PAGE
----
There was a parallel sideshow in the House of Representatives with Trump’s fingerprints all over it. The majority political party elects the Speaker as the overall leader. It took 15 ballots to elect Kevin McCarthy, a journeyman politician from California. Yet, after nine months of inept leadership, firing him took only one roll call ballot. Eight of the most radical anti-federal government Republicans used backing from Democrats to prevent him from winning a majority vote for retention. McCarthy had consistently blamed Democrats, not his MAGA sub-caucus, for the impasses in the House, thereby killing any voting help from them. The MAGA radicals do not want to legislate. Their “policy” desire is to roadblock the federal government back to its pre-civil war behaviour as subservient to state’s rights on most matters of law and political rights. In the basketball sense of the word, this is a full-court press: The radicals want Jim Jordan, an Ohio congressman, as the new Speaker of the House. The controversial and combative Jordan seems temperamentally unsuited to the position. Conversely, his MAGA manners are perfect.
Criticism quickly came from former Congresswoman Liz Cheney; she was Republican co-chair of the January 6 committee that highlighted Jordan’s assistance to Trump in the failed insurrection. Jordan ignored a Congressional subpoena to testify. She, on the other hand, was punished by Wyoming voters who did not re-elect her for her honesty. In a speech, she said: “Jim Jordan knew more about what Donald Trump had planned for January 6 than any other member of the House of Representatives. Jim Jordan was involved, was part of the conspiracy in which Donald Trump was engaged as he attempted to overturn the election… There was a handful of people, of which he was the leader, who knew what Donald Trump had planned. Now, somebody needs to ask Jim Jordan, ‘Why didn’t you report to the Capitol Police what you knew Donald Trump had planned? You were in those meetings at the White House. If the Republicans decide that Jim Jordan should be the Speaker of the House…there would no longer be any possible way to argue that a group of elected Republicans could be counted on to defend the Constitution.”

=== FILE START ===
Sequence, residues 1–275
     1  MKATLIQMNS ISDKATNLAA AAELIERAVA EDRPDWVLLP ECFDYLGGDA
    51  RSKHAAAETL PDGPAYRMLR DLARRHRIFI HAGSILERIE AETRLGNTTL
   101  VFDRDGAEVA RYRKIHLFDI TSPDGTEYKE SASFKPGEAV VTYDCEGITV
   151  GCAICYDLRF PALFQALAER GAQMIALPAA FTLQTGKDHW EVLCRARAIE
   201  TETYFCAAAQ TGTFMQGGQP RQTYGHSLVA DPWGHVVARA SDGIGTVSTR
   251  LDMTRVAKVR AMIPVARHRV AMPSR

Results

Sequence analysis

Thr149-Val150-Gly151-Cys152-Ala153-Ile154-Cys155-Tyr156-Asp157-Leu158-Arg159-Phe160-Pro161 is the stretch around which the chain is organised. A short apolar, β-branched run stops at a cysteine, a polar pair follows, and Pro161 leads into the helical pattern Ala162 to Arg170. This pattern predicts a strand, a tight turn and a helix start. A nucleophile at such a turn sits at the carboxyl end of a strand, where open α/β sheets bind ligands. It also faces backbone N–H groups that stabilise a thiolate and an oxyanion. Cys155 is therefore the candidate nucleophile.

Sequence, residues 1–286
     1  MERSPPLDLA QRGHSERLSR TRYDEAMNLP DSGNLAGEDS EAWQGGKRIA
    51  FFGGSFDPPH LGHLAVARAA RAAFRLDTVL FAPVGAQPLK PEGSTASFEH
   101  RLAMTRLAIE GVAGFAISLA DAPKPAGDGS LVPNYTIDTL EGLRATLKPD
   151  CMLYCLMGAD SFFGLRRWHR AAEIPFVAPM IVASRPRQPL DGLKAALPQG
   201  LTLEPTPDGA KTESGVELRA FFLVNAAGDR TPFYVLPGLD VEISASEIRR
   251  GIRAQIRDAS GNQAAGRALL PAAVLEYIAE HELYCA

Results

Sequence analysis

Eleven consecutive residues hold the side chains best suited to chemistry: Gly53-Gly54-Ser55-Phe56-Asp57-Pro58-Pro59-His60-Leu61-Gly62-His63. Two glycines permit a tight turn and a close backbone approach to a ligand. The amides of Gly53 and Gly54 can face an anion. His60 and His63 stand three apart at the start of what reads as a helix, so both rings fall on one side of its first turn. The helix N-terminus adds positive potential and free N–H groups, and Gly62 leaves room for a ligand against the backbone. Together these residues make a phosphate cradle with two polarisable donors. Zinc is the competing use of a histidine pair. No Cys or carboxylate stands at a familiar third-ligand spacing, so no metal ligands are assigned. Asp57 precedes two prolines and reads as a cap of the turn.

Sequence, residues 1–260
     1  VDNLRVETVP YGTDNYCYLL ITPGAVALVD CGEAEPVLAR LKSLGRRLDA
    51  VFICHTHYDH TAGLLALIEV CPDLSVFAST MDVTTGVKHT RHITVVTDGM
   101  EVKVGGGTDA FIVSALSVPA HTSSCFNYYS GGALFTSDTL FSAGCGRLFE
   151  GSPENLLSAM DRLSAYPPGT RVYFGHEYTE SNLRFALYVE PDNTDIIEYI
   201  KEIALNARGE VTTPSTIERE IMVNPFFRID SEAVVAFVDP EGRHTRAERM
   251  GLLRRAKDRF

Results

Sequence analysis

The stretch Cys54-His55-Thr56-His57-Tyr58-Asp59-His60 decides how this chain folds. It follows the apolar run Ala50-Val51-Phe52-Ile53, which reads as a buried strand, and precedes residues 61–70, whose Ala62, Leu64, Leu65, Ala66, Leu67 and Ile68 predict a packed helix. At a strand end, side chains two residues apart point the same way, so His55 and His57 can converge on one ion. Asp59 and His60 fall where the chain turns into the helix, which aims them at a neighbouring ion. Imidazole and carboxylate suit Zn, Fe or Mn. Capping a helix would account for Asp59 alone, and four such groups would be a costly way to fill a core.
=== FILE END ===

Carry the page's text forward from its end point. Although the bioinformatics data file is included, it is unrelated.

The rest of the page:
Trump is the most sincerely transactional person ever to be US President. Others have been dishonest and duplicitous, but none have ever been as nakedly “what is in it for me” on everything. All of this matters because both the House and Senate must agree for legislation to become law with a presidential signature. All money bills must originate in the House to pay government bills.
Nearly 25 years ago, conservative economist Grover Norquist coined the phrase:“to drown government in the bathtub”. If he had been a better economist, he would have known it was easier to do that in Congress. Much of what went on in New York and Washington fell far short of any truthfulness test, but in keeping with increasingly outdated self-imposed rules, media houses report what people say. An increasing number of new ideology-driven media organizations are not subtle in attracting the gullible while ignoring fact-driven voters. The irony is palpable. Yes, that 2021 January mob failed to stop the certification of Joe Biden as the 46th US president. Yes, many of the same Republicans defending Trump hid in basement rooms to avoid violence from MAGA-rioters determined to destroy democracy and hang Vice President Mike Pence. Yes, they are now committed to proving that, working as a small mob of ideologues inside the Capitol, they can create an autocracy. Their promise appears to be less immediate physical damage, which most dictatorial governments always promise while using psychological violence, or worse, to accomplish their aims. More than a thousand arrests have occurred for involvement in 2021, with half awaiting trial. The 2024 election might punish those members of Congress who backed the insurrection, but so far have been roaming free.
—The writer has worked in senior positions at The Washington Post, NBC, ABC and CNN and also consults for several Indian channels